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Courage and Sacrifice Posted 5.24.2013

Memorial Day is more than just a day off from work—it’s a day to honor the soldiers who have died in battle defending their homeland. Let me share one story.  May it help us give thanks to God for our freedom and renew our courage to use that freedom to tell of the love and grace of our King.

 

When his son deployed to Afghanistan in May 2009 from Camp Lejeune, N.C., Steven Xiarhos had a bad feeling. He didn't sense the same excitement from the Marines that he did when they left for Iraq.  "They were going into hell, and they knew it," Xiarhos said. "You could see it in their faces."

 

But when his son reached Afghanistan, he let his family know he was assigned to travel in the so-called MRAP, the sturdiest of Marine vehicles, built to withstand the roadside bombs the enemy loved.  Then on July 23 came the awful news:  Cpl. Nicholas Xiarhos, 21, had died of injuries from an improvised explosive device that had detonated beneath his Humvee. 

 

There had been a reassignment of vehicles, and the MRAP had been needed elsewhere in the convoy.  The Marine driving the Humvee was killed instantly. The gunner's leg was blown off; a Navy corpsman was injured. Xiarhos, initially trapped inside the wreckage, was airlifted to a field hospital. "He fought on and fought on and fought on and never gave up," his father said. "But three hours later he was gone."

 

Each Memorial Day since his son's death has been difficult for Steven Xiarhos.  Memories of that premonition at Camp Lejeune are mixed with torturous speculation about what would have happened if the vehicles had not been switched.  But those things are not uppermost in his mind.  His message is always, "I want to remind people that when they see a veteran, they should go shake his hand or buy him a cup of coffee.  And when the national anthem is played at the ballgame, stand up and put your hand on your heart: Never forget that people have died for you and for that flag."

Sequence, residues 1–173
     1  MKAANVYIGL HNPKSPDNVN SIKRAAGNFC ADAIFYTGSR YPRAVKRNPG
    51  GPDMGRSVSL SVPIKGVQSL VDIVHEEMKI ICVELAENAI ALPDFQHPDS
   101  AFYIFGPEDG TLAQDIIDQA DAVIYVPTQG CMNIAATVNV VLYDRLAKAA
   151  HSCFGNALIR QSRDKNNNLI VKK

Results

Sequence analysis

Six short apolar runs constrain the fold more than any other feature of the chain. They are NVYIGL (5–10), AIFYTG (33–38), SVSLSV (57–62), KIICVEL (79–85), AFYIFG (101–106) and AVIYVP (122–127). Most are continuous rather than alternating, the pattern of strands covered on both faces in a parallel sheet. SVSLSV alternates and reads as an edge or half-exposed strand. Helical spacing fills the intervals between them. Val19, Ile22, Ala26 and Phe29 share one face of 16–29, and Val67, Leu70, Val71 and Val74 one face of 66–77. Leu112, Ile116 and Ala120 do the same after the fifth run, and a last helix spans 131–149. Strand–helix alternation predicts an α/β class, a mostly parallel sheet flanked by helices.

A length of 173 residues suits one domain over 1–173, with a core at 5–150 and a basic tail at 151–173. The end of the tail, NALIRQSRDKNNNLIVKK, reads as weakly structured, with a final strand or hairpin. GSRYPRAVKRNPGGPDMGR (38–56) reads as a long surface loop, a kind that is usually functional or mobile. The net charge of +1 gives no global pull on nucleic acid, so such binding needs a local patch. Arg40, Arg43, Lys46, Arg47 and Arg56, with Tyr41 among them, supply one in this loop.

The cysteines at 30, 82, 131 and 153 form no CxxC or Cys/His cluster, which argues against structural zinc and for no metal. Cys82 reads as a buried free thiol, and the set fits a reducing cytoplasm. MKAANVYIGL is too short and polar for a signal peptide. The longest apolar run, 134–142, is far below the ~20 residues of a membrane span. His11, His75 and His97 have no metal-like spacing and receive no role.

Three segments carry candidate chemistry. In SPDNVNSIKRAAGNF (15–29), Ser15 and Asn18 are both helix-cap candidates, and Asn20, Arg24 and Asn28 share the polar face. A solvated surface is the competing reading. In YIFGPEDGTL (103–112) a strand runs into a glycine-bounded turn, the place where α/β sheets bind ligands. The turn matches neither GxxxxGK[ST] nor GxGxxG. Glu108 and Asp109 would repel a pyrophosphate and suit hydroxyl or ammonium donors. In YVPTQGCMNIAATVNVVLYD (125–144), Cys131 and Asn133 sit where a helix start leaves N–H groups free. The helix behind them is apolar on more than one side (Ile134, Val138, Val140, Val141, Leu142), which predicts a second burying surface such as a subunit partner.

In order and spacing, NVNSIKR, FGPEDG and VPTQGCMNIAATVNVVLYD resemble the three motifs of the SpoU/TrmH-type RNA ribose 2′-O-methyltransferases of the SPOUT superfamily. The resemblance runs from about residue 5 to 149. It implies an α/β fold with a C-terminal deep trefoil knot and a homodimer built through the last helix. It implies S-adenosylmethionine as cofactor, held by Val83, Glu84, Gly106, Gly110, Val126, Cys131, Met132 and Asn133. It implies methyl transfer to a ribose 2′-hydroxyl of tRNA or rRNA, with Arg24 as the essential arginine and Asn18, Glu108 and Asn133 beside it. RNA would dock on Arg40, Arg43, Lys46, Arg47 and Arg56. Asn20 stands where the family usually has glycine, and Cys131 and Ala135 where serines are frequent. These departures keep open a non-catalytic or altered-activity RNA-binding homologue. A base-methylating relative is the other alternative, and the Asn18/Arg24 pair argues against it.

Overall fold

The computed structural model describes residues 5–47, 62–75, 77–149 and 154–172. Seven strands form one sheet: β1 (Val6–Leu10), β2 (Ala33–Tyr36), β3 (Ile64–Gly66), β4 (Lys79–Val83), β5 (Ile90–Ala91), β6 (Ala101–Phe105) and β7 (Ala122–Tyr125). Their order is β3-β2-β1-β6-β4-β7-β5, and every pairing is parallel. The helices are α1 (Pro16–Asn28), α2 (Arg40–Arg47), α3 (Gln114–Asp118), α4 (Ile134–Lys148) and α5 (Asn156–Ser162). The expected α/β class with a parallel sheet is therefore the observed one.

The months after Nicholas’ death were a blur for the family:  an emotional memorial service for 13 Marines killed during the deployment, a chance meeting in Boston with a surgeon who was at the field hospital when his son was rushed in, a private meeting with President Obama.  "We have no anger against anyone or any thing," said Steven Xiarhos, his voice breaking slightly. "Just sadness and pride."

 

Nicholas Xiarhos had served in Iraq with the 1st Battalion, 9th Regiment, and narrowly missed being killed in 2008 when a suicide truck laden with explosives tried to crash into the Marine compound in Ramadi. Two Marines standing post refused to budge and let loose a blast of gunfire. Both were killed in the explosion when the driver loosened his grip on the "dead man's switch." Dozens of Marines and Iraqi soldiers were saved.

 

The heroic example of Marines protecting other Marines was not lost on Xiarhos. When he returned home and learned a buddy in another unit was deploying to Afghanistan, he applied for a transfer.

 


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